The Imitation Game

I just watched this movie for the second time and it was just as fantastic as the first. We watched it with Daniel and he really enjoyed it and indeed I think it’s a good movie to get kids interested in mathematics.

Alan Turing was a mathematician and a war hero. He broke Enigma, the German cryptography machine, and in doing so is said to have shortened the war by several years. He also invented one of the first stored program computers.

What is particularly sad in the movie and in real life is that he was never honoured or even acknowledged for the work he did. Even worse, he was convicted for being a homosexual after the war and forced to either go to prison or take hormonal drugs. He chose the drugs and committed suicide a year later. In 2013 Queen Elizabeth II granted him a posthumous pardon. Why did it take her so long? And why was homosexuality illegal in the first place? It makes no sense. It’s sad that a genius and a man who gave so much to the world was treated so poorly and made so miserable.

I despair when I see people today, more than 50 years after Alan Turing’s suicide, still making life miserable for homosexuals by preventing them from getting married. Alan Turing has taught us that the world needs all kinds of minds and being different is not bad or immoral. Can’t we just be kind to one another?

Benedict Cumberbatch is brilliant as Alan Turing. He’s probably my favourite actor at the moment and if I wasn’t already married I’d be offering to have his children. Kiera Knightly has a leading role in The Imitation Game and is equally superb although I have no desire to have her children 🙂

4 thoughts on “The Imitation Game

  1. Rachel,
    For those who enjoyed the movie ” The Imitation Game”, the book that inspired it is ‘” Alan Turing : The Enigma” by Alan Hodges. There are also a number of excellent books concerning Bletchley Park where Turing and the Codebreakers worked.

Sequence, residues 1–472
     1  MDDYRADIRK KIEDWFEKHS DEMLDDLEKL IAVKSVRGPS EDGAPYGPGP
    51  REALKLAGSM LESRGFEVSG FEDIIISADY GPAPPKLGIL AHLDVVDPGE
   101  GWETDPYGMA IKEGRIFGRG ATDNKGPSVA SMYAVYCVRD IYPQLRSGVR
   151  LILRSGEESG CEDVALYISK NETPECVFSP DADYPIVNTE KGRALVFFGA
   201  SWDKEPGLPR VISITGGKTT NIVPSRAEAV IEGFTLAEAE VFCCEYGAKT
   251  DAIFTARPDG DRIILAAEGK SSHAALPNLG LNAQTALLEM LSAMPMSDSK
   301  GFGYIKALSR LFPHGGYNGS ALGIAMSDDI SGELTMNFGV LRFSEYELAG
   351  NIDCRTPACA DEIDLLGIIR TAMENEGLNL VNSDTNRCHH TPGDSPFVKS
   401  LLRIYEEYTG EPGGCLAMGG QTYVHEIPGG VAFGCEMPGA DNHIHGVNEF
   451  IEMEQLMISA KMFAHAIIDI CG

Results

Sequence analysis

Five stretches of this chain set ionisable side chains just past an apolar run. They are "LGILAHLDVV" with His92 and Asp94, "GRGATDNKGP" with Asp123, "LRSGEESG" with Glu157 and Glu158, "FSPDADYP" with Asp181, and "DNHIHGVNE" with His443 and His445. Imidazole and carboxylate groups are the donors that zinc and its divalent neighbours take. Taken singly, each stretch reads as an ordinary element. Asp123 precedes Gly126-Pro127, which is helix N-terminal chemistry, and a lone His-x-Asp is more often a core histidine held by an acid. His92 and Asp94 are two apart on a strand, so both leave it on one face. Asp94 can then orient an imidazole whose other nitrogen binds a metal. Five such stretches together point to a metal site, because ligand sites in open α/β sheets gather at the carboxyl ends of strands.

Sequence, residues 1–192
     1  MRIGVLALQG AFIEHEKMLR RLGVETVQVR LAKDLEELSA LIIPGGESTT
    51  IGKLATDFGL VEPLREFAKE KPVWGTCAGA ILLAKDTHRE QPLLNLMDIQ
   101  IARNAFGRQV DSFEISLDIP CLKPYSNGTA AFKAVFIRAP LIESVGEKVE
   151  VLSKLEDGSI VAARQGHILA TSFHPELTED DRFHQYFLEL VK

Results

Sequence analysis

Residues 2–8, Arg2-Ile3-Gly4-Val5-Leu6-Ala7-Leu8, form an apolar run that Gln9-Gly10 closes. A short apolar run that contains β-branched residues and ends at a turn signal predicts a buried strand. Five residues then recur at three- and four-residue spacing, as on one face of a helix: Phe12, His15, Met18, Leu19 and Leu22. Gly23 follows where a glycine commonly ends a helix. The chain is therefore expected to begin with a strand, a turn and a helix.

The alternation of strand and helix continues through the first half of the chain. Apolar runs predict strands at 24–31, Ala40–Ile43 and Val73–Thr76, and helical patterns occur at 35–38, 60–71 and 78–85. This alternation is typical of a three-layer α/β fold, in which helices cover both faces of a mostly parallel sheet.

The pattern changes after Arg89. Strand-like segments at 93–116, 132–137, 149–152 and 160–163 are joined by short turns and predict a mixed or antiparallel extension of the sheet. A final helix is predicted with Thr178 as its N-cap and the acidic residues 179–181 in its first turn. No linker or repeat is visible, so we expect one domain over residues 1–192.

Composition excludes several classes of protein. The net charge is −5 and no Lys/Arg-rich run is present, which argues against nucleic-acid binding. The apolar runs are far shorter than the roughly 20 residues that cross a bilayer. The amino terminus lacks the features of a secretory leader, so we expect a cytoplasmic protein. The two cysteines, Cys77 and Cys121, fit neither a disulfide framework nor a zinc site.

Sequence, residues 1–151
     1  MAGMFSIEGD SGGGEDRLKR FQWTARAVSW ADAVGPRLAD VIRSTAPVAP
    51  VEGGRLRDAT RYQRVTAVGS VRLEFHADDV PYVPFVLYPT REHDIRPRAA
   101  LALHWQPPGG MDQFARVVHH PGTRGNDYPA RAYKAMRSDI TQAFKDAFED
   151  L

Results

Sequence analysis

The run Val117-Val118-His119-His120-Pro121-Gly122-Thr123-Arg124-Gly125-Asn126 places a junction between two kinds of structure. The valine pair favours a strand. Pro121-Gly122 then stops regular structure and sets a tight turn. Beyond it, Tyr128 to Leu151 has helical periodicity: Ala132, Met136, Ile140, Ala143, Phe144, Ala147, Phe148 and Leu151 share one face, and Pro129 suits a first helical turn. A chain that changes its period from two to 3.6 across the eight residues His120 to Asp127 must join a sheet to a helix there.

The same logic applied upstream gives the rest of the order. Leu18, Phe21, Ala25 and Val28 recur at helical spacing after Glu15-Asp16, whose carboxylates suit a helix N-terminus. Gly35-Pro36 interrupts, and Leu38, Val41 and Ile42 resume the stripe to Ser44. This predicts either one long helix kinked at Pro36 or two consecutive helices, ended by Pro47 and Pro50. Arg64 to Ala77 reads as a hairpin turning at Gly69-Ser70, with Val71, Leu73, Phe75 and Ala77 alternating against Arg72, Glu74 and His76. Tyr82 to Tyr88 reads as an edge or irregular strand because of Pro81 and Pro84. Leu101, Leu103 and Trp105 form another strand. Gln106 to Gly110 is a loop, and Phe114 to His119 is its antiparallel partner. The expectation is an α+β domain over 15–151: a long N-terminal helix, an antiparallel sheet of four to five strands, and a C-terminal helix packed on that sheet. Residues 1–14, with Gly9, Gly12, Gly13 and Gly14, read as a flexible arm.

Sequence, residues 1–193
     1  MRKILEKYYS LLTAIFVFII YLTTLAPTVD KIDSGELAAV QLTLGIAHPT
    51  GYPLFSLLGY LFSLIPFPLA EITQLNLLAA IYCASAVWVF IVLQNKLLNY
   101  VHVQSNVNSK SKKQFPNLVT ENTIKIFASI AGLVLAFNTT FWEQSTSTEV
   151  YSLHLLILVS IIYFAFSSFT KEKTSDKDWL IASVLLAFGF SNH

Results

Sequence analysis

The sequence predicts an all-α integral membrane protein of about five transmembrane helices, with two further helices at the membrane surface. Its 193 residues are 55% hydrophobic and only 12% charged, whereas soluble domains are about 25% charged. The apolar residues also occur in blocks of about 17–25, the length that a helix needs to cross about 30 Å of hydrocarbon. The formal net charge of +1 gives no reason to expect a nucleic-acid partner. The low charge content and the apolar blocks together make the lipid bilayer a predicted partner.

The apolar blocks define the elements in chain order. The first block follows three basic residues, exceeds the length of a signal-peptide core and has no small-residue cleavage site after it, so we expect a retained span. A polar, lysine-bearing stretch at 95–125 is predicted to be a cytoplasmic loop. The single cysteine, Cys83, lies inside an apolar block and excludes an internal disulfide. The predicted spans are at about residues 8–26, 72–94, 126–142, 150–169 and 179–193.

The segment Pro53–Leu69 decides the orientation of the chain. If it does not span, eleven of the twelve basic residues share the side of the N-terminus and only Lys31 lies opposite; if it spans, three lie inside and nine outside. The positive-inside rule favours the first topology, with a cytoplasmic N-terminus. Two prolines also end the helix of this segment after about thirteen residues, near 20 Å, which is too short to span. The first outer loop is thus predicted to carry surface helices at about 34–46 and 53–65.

It should be recalled that in presenting Turing’s remarkable work, a number of liberties were taken with the Bletchley Park and Enigma history. In particular the excellent contribution of the young Polish mathematicians who first cracked the German Enigma in the mid-thirties and handed French and British intelligence (including Turing) their findings should have been acknowledged. When the movie was shown in Poland some audiences reportedly booed the omission.
    Notwithstanding that, one should give the screen writers some artistic licence ! It is a terrific movie.

Leave a Reply

Fill in your details below or click an icon to log in:

WordPress.com Logo

You are commenting using your WordPress.com account. Log Out / Change )

Twitter picture

You are commenting using your Twitter account. Log Out / Change )

Facebook photo

You are commenting using your Facebook account. Log Out / Change )

Google+ photo

You are commenting using your Google+ account. Log Out / Change )

Connecting to %s